Rocky summit to tackle public disorder
MEMBER for Rockhampton Robert Schwarten will meet police next week as he organises a high-powered summit to tackle the city’s escalating public disorder problem.
Yesterday Mr Schwarten said he’d been given approval by Premier Anna Bligh to bring several key ministers to Rockhampton for the summit which will be held early next year.
He said it was time to act after he’d fielded a growing number of complaints about public behaviour in the city.
Many of the complaints concern drunken indigenous people causing problems in and around the CBD’s public places.
“Part of the issue here is having to face up to this reality ... it’s no good saying one thing and meaning another,” Mr Schwarten said referring to the minority of unruly indigenous people.
“I’m not saying these people are causing all of the issues, we have got problems in this city also with drugs and alcohol and violence, but I’m getting many complaints about these people.”
He said the ministers who would attend included those responsible for health, police, liquor licensing, communities, indigenous affairs, housing and the Attorney General.
Mr Schwarten said any solution needed the involvement of both the local and federal governments as well as the broader community.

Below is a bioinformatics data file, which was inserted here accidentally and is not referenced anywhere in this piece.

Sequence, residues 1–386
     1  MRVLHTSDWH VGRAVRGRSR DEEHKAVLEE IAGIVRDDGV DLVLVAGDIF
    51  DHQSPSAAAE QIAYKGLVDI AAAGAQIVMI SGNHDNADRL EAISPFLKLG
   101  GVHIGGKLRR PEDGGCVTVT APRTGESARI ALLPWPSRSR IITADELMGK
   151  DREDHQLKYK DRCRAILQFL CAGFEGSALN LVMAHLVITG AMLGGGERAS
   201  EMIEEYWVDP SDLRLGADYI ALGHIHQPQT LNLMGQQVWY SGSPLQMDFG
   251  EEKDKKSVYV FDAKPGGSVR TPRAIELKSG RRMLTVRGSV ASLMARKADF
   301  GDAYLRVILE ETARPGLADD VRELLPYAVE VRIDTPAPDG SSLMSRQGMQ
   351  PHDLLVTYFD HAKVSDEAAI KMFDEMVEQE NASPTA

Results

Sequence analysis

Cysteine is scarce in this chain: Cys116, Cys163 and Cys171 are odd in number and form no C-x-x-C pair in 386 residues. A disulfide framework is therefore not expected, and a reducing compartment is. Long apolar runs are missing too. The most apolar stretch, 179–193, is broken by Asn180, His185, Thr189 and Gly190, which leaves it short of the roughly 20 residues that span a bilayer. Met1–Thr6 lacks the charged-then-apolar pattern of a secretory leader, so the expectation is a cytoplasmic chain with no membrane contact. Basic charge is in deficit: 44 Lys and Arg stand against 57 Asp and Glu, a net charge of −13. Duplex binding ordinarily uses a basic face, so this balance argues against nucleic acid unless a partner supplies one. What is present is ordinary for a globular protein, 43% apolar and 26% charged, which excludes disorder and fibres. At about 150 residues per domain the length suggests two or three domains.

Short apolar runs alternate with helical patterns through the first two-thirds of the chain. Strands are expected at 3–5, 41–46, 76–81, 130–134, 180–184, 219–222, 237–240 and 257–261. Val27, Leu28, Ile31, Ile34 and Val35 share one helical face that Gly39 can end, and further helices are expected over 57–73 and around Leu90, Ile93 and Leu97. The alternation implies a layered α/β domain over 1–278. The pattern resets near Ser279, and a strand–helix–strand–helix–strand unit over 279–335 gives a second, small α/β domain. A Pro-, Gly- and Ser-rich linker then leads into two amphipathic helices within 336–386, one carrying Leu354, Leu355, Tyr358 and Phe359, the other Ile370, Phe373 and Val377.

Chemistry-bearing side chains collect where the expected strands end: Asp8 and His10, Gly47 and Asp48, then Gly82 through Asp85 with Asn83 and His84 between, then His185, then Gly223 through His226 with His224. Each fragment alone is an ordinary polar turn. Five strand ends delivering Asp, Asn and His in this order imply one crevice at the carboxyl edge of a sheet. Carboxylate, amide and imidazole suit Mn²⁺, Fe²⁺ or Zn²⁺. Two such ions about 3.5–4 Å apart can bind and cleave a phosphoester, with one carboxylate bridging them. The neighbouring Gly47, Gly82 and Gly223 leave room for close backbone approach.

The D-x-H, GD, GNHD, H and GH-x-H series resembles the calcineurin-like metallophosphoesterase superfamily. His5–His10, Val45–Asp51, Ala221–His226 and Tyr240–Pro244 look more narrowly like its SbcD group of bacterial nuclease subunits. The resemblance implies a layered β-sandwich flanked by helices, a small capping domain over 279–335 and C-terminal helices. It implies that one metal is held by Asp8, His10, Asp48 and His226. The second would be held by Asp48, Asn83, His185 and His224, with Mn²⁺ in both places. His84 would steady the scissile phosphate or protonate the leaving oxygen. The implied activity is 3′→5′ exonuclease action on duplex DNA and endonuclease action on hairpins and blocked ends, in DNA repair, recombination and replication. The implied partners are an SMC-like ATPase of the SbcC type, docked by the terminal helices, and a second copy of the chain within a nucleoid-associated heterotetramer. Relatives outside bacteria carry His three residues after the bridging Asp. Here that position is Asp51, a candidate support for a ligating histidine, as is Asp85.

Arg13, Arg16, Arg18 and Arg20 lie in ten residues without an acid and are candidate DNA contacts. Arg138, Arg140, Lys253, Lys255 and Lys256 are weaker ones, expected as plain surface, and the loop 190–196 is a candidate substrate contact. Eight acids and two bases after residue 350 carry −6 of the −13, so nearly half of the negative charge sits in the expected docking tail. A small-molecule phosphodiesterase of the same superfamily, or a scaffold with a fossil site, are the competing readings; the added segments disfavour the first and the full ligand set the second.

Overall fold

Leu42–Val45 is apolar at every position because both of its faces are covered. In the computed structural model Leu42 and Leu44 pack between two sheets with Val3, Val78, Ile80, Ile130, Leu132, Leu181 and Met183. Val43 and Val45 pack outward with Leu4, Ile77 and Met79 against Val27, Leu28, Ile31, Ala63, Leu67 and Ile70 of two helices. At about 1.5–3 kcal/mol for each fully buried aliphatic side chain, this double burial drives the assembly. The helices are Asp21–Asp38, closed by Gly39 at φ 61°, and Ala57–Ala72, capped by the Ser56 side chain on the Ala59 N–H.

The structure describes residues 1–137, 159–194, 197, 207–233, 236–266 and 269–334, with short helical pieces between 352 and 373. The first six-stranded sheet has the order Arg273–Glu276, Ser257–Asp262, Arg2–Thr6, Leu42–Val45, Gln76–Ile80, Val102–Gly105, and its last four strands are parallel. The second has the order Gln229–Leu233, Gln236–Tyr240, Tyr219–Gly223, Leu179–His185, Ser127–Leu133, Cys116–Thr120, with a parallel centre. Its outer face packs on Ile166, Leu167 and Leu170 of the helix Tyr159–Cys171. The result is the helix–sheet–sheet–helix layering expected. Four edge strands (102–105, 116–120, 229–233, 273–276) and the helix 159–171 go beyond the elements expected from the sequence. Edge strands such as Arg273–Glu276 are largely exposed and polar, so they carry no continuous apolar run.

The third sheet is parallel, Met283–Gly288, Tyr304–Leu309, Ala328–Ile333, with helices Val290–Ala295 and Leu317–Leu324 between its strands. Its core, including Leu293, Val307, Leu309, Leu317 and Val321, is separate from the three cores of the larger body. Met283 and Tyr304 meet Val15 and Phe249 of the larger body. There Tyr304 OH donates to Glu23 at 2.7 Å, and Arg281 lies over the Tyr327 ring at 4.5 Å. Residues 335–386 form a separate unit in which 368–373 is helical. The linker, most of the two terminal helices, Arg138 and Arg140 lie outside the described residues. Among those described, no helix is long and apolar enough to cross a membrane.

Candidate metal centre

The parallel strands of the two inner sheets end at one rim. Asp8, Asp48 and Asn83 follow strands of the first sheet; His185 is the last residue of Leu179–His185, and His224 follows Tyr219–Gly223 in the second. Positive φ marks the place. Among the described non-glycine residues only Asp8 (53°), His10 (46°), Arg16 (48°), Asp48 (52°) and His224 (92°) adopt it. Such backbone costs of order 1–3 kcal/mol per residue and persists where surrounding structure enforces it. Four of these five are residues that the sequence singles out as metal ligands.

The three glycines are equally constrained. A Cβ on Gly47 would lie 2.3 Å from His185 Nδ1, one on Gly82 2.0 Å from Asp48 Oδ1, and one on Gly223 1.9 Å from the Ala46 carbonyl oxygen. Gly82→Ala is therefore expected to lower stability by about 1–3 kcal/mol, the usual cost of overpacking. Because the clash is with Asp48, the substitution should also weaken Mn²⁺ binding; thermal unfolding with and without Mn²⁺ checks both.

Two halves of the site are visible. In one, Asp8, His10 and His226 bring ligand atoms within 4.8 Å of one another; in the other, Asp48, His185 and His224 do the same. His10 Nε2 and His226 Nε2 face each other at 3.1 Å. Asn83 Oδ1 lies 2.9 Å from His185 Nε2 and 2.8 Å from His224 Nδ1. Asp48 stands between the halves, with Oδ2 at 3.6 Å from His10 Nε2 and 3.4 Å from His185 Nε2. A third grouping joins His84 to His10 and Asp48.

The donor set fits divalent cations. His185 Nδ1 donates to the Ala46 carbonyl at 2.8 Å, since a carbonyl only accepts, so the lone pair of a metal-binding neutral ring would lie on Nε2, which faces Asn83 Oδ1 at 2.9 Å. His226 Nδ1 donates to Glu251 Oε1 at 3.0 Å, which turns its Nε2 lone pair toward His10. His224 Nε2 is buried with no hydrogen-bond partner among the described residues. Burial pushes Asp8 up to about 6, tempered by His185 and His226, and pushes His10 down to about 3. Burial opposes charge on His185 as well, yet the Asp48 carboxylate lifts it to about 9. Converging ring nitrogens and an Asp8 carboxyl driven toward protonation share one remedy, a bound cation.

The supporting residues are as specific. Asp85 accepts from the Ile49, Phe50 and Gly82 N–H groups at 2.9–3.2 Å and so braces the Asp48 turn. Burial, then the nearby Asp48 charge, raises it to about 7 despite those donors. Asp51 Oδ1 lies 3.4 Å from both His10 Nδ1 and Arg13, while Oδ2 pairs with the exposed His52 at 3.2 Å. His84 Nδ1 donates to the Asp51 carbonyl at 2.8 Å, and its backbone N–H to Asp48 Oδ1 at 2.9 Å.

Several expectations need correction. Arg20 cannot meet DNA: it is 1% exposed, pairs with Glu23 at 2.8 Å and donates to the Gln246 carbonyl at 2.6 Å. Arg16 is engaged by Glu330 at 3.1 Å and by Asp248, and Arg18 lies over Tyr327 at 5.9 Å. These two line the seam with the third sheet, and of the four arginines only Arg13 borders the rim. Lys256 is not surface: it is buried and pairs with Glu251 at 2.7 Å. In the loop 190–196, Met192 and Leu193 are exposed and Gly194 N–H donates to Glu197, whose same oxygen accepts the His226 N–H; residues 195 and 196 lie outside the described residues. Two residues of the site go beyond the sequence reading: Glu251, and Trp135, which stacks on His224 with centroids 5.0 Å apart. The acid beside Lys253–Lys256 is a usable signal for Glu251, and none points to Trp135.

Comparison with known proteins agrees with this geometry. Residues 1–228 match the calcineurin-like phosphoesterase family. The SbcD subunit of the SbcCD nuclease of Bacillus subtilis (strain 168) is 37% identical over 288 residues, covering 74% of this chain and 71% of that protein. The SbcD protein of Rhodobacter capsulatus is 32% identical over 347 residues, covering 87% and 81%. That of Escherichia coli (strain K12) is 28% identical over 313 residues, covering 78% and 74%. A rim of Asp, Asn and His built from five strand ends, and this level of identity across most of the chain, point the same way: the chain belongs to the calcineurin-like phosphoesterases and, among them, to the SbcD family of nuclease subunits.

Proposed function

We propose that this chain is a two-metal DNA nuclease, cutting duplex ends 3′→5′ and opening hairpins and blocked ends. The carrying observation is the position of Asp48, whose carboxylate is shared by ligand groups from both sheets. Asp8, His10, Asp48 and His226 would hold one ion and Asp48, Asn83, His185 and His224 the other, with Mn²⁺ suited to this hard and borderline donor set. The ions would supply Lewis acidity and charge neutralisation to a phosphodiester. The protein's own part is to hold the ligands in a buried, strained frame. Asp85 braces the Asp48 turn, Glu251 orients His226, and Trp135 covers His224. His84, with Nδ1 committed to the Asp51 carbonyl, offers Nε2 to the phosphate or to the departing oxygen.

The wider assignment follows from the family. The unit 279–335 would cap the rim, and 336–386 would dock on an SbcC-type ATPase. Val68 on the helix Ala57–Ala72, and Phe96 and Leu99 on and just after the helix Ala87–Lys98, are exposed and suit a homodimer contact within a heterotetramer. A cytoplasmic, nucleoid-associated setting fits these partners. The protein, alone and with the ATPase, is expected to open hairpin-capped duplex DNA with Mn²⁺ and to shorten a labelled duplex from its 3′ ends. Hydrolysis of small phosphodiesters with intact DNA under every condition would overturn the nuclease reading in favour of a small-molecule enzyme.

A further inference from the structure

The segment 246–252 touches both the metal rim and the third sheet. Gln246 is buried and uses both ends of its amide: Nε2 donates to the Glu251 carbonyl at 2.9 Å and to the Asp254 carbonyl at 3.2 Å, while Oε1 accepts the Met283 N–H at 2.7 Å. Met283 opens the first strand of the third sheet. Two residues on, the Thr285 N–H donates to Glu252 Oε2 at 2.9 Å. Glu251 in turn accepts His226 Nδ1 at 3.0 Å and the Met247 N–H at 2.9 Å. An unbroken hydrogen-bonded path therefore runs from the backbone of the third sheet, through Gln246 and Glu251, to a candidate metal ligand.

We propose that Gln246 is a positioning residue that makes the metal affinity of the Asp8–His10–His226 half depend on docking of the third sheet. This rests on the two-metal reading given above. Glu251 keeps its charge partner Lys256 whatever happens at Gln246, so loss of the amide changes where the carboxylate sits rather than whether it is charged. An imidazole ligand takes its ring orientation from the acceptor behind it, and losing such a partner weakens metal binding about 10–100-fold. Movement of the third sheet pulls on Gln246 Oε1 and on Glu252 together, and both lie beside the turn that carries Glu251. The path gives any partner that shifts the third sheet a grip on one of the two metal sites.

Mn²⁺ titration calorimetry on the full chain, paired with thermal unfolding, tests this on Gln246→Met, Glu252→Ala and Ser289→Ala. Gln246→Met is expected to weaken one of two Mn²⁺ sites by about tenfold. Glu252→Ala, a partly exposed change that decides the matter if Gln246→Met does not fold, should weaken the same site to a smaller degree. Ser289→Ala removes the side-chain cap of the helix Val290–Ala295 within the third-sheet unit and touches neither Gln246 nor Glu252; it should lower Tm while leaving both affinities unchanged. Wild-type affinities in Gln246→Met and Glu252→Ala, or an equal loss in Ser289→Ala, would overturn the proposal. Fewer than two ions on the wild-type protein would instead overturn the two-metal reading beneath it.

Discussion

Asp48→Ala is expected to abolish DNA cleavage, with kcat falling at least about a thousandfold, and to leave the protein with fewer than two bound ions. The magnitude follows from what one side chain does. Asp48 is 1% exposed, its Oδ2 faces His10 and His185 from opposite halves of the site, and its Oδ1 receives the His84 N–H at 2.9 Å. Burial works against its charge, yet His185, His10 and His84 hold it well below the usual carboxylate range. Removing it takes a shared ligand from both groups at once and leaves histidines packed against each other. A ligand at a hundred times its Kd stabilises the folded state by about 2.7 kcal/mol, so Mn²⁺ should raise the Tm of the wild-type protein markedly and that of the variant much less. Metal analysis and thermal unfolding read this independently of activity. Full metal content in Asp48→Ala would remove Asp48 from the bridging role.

“We need to have a level of co-operation,” he said.
“I have spoken with Kirsten Livermore (Federal MP) and Brad Carter (Mayor) about the situation.”
He said Rockhampton had always had people living rough in the city, but recent disorder problems had escalated.
Problems coincided with the removal of alcohol from the Aboriginal community at Woorabinda.
“We have seen people moving out of Aboriginal communities and coming to Rockhampton,” Mr Schwarten said.
“The question has to be asked: should people who get assistance from government and spend it all on grog, then get fed by the community?”
Capricornia police Inspector Marcus Hill said a meeting would be held next Friday at which stakeholders would discuss issues of crime and public disorder along the riverbank and in the CBD.
Inspector Hill said Rockhampton was not alone in problems arising where new high-density developments were built in areas which had previously housed homeless people.
“As high-density residences occur new businesses come in and there is some displacement or disruption caused,” Inspector Hill said.
“These same problems existed at Kurilpa in Brisbane.”
Cr Carter said a number of complaints had been made to council about anti-social behaviour.
He said he was delighted a summit would be held and council would play an active role in tackling the issue.
What’s proposed? A summit involving key government representatives, police and other stakeholders;
Why? To tackle the problem of escalating public disorder and street crime in Rockhampton;
When? Robert Schwarten will meet with key stakeholders and police next week, with the goal of holding the summit early next year.
A crime summit in Rockhampton is a fantastic opportunity to clean this city up and lay a template to fight the scourge of drug, alcohol and substance abuse sweeping this nation.
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